Favorite Books: The Last Lion by William Manchester



By Herndon Hasty (Digital Performance Manager)

Winston Churchill is a truly larger than life figure. Convinced from a young age of his own destiny to be the savior of England, the British Empire, and the world, Churchill was a war hero before he was a war hero, a politician who flourished on both sides of the aisle, and to paraphrase the greatest biography of the man available, lived a baroque lifestyle long after such a thing was fashionable, let alone possible.

He gave us the security of the Western world and democracy at a time when it was assumed we would have to choose between Facist and Communist dictatorships. He left some of the greatest oration – and biting and/or profane comebacks – the modern world has ever seen. And he was a leader and leading figure throughout 90 years of the most profound change the world had seen up to that point.

Spanning 2,900 pages (minus references, which in books of these size can get enormous), William Manchester’s The Last Lion – a three-book biography of one of the titans of the 20th century – is the greatest expression available of who he was, what he accomplished, and what he faced. It does credit to it’s subject, if nothing else than for its prolific nature and command of the English language.

The volumes were published over the course of 30 years, beginning in 1984. By the time the third book was published, Manchester had been dead for nearly a decade, having entrusted his notes and a significant part of the manuscript to journalist Paul Reid. So, the next time you’re tempted to complain that, say, George RR Martin is taking too long in getting his next book out, bear in mind that he’s practically cranking them out in comparison.

Coming from a journalistic background, like Churchill, Manchester does not waste words. It is as dense a read as you will find outside of academia, and effectively paints a picture of Churchill, his people and companions, and his times.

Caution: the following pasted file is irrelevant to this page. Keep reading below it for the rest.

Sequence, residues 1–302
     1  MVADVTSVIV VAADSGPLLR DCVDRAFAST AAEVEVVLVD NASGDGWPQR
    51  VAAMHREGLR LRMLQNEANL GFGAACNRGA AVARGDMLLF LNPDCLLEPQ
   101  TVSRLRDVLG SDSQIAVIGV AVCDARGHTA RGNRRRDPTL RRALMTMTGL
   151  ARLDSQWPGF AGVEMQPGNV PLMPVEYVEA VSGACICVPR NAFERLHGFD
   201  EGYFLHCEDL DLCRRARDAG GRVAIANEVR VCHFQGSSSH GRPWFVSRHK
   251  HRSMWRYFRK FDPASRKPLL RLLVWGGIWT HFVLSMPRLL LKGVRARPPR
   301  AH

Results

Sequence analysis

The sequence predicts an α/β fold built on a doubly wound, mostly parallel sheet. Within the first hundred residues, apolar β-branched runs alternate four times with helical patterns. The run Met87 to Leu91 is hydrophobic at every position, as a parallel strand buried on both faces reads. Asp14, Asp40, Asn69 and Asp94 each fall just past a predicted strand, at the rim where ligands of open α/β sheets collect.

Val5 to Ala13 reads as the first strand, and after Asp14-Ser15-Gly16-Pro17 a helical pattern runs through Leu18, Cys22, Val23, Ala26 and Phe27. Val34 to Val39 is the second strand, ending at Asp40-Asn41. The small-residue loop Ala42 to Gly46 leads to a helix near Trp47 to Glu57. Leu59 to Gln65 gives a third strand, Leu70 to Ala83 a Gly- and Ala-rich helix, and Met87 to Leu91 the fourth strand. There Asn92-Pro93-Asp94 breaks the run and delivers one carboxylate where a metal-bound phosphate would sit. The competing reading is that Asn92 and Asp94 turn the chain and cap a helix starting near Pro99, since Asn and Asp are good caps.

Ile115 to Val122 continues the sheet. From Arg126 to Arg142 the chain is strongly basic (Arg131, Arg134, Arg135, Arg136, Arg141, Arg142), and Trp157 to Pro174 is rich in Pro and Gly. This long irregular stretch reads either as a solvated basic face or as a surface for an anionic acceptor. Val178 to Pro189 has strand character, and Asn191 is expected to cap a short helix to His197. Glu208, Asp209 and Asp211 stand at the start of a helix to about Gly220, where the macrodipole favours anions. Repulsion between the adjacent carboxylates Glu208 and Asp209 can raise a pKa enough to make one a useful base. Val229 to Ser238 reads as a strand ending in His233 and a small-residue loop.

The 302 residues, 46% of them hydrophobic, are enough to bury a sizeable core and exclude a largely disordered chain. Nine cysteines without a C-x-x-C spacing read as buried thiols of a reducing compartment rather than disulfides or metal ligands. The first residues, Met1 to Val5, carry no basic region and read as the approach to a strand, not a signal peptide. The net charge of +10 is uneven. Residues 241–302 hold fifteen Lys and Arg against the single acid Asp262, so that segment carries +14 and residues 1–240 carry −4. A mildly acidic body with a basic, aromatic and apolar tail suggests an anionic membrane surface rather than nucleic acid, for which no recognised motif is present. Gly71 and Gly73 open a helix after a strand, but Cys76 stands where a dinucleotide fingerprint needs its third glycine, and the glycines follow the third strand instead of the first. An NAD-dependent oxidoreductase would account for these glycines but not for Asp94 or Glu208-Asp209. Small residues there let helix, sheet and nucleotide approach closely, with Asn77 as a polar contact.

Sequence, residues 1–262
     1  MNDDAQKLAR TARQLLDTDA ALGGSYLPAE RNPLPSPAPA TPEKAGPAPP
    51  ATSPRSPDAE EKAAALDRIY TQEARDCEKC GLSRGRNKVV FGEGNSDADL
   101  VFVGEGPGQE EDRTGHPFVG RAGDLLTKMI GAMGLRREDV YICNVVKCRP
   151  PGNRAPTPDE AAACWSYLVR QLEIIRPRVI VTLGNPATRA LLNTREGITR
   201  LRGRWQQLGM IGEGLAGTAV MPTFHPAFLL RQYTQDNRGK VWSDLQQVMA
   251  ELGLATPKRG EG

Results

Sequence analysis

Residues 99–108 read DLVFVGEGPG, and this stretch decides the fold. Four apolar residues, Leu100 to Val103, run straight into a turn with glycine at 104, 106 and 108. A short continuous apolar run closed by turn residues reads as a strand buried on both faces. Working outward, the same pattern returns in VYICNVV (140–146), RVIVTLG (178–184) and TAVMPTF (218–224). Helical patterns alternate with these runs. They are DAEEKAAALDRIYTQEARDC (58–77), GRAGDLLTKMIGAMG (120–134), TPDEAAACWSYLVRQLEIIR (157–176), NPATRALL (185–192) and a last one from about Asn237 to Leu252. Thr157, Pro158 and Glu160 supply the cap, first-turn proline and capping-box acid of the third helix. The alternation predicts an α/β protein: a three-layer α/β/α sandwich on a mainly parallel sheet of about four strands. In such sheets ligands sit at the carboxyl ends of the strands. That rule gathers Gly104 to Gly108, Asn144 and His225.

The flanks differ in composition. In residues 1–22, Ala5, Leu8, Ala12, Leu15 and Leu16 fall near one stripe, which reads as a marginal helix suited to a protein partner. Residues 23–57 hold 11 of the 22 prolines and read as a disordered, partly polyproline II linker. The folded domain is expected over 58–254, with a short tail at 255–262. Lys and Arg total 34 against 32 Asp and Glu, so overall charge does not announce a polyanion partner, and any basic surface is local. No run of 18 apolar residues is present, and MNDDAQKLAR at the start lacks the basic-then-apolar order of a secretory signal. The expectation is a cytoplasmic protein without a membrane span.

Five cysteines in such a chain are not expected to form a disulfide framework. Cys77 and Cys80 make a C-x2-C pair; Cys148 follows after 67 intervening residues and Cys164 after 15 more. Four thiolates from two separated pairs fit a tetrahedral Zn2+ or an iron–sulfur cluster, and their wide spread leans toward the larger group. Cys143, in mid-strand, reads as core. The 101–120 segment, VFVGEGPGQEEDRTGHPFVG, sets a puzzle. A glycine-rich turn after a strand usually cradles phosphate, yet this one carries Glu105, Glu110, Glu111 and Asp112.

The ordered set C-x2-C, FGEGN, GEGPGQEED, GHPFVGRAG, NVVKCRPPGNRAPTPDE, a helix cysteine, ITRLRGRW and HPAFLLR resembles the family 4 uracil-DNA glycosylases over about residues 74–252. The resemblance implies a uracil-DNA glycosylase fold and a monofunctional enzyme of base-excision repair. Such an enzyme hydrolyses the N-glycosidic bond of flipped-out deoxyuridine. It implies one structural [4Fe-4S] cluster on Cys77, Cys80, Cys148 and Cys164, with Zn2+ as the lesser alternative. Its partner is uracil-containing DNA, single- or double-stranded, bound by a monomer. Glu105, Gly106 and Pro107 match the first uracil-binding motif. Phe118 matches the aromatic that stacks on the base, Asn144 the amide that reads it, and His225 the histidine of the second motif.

And while getting through all three tomes is something that takes time and commitment – a 300-page but similar book by Manchester took a very smart friend of mine the better part of 6 months – it is worth it. Aside from the great rise-and-fall-and-rise-again story of a soldier, journalist, statesman, firebrand, polarizing figure and out-and-out megalomaniac, there’s an intense amount of contextual information to be learned.

If you aren’t familiar with the operations and extent of the British Empire at the peak of its reach, Visions of Glory (book 1) has much to teach.

The early chapters of his second book, Alone, which covers Churchill’s wilderness years between his fall from power in the late 20’s through his rise to Prime Minister, are as effective a history of Germany’s state between the World Wars as can be found anywhere.

And how close they came to needing those Keep Calm And Carry On signs – originally designed for use during a German invasion of the UK, today just a charming expression of the British stiff upper lift – is vividly apparent in Defender of the Empire, the third and final volume.

While it’s clearly a sequential book set, Manchester’s command of the facts makes it easy to step in at any point. I first read the 2nd volume, followed by the first, and then a long wait for the third. Depending on where your interests lie historywise, a similarly winding path may even work best for you.

For the man, reader, or Anglophile in your life, The Last Lion series is a great library checkout, gift, or carrying item for your Saddleback Book Bag.